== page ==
Everything SFO

One of the men BEHIND me said, "I think there's an old Chinese proverb that goes, 'The only way to get rid of temptation is to give into it.'" Nervous thus excited people on the shuttle from the lousy Holiday Inn to the train station at SFO.  Quickly you learn to sit in the back so you can tell who's talking and write about them without anyone looking over your shoulder. 
     As the train departed the station a woman in FRONT of me shouted, "Shit!" and dashed after her big roller-suitcase--it rolled into a woman wearing a burka.  Seated in the BACK of the train car, I noted the event in my little pad.  The voice of the conductor was light-hearted and personable and tinged with absurd.  "This train is bound for ..."  AND I AM LAUGHING AT MYSELF.  "Next stop Glen Park, Glen Park ..."  AND WE ALL GOT TO WORK!  WHO EVER THOUGHT I'D BE DRIVING A TRAIN!  LITTLE JOHNNY LAPSKIN FROM BERKELEY.  I AM A GAY POET DRIVING A TRAIN!
     Walking down Sixteenth Street I admired the graffiti and murals and a tall brown-skinned man with a do-rag said to me, "What the fuck you looking at?"  Later I answered, "Everything."
     That classic red convertible Corvette, that purple Vespa, that man or woman in a filthy ski-jacket picking butts out of the weeds.  The clashing construction, the shaky rafters, the slopping paint.  That man by the bizarre who you thought asked you for money and when you turned to him reaching in your back pocket for one of the dollar bills you'd stuffed back there he said, "You looking for that crystal?"
     "No," you said.
     "Oh you want that weed.  That's me too."
     "No, I'm okay.  But thank you."
     The tourists and the hipsters in their wing-tipped shoes.  The skyscrapers and the statues--the big balls of that horse on which Bolivia sits.  The people facing outward on the trolleys and the antennae of the trolleys sparking and gliding on the wires.  That lady slumped on the sidewalk who did ask you for money and when you gave her a dollar from your back pocket she said, "I wish you'd've pulled a twenty out of there," laughing and smiling like that dark girl outside the strip crib who said, "Hey there, handsome," and you smiled and she said, "Look at that smile."  The crosswalks.  The reddish orange hand and the numbers counting down.  That young, uneasy policeman in his fresh black uniform unkindly giving directions.  That staggering old man in his stretch pants and purple halter-top.  The strong fortyish man with his life-possessions spilling from his grocery cart.  The poor in the shade with their backs against the trees.  Their weathered faces and perceptive eyes.  All the Starbucks.  All the automobiles.  All the red balloons in Chinatown.  Huge pork rinds and plastic Samurai swords and lady's slippers with flowers embroidered on the toes.  All the people on phones.  All the people taking pictures.  The blond guy with a tiny head and deep-rutted jaw pushing a stroller.  The white-skinned men trying to look good in tight jeans.  The stretch pants on the manikin's legs, the large lifted plastic buttocks.  PIZZA BY THE SLICE.  PAKISTANI CUISINE.  CENTER FOR SEX AND CULTURE.  L'EGLISE DE NOTRE DAME.  The hills.  The lingering haze.  The thin arms of that model on his bike on that billboard.  That server in that café preparing menus.  The fishnet stockings on that woman's legs in that photo in the window of that erotic gift store.  That fountain of fountains shooting like fire hoses this way and that and that dark-skinned girl with enormous breasts posing for pictures in the fountain.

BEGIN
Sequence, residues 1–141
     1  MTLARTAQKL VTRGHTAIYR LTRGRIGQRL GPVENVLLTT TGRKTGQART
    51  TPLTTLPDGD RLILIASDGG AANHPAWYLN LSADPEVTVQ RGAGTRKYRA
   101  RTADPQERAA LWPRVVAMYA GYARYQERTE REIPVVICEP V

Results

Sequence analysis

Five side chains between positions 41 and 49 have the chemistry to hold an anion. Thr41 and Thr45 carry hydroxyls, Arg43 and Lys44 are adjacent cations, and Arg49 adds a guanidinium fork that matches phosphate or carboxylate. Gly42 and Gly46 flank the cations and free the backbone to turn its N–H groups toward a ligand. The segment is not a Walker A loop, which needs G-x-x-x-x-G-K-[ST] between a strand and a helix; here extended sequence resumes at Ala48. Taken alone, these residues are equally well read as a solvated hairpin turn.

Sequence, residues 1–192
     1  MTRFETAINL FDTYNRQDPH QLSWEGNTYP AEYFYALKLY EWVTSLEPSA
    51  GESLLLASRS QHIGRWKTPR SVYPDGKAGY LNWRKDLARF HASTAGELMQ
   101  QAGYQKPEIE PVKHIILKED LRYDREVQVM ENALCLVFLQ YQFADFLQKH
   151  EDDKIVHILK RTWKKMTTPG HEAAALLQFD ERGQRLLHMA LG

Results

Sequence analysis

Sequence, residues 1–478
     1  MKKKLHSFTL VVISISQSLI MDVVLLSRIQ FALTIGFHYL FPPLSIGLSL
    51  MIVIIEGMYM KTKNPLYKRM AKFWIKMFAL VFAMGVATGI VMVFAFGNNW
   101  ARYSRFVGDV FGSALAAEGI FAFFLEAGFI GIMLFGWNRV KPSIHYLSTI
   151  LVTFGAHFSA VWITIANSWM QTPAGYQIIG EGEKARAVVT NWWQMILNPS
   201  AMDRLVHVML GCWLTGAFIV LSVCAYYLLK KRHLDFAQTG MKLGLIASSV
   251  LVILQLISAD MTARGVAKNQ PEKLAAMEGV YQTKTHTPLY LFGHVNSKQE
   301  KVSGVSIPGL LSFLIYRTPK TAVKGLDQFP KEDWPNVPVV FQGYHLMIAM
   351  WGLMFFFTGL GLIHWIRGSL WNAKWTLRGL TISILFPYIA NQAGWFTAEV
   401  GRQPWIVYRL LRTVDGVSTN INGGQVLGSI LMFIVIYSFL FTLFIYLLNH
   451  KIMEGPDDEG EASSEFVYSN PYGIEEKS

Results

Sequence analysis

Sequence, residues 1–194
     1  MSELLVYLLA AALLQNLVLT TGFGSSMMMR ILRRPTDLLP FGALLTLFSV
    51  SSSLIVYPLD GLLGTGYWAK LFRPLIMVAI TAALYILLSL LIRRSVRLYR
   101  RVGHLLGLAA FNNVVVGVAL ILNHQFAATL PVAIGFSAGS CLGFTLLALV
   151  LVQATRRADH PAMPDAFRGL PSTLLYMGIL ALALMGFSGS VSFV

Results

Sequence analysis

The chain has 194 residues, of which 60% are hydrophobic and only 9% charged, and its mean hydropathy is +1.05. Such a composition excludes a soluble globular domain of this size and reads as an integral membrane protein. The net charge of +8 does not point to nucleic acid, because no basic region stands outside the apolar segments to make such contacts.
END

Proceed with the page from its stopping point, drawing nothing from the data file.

San Fran is a city of friction, a city of lust feigning intellect, a breezy city made to blow the soul, a city that grabs you and never lets go.  A tantalizer, ruled by King Tantalus, who loves to pass on his divine punishment.  San Francisco is a throat-deep bath with fruit-laded branches hanging over it, and they recede when you reach for them.
     Temptation never goes away, it just steps out for a smoke.     

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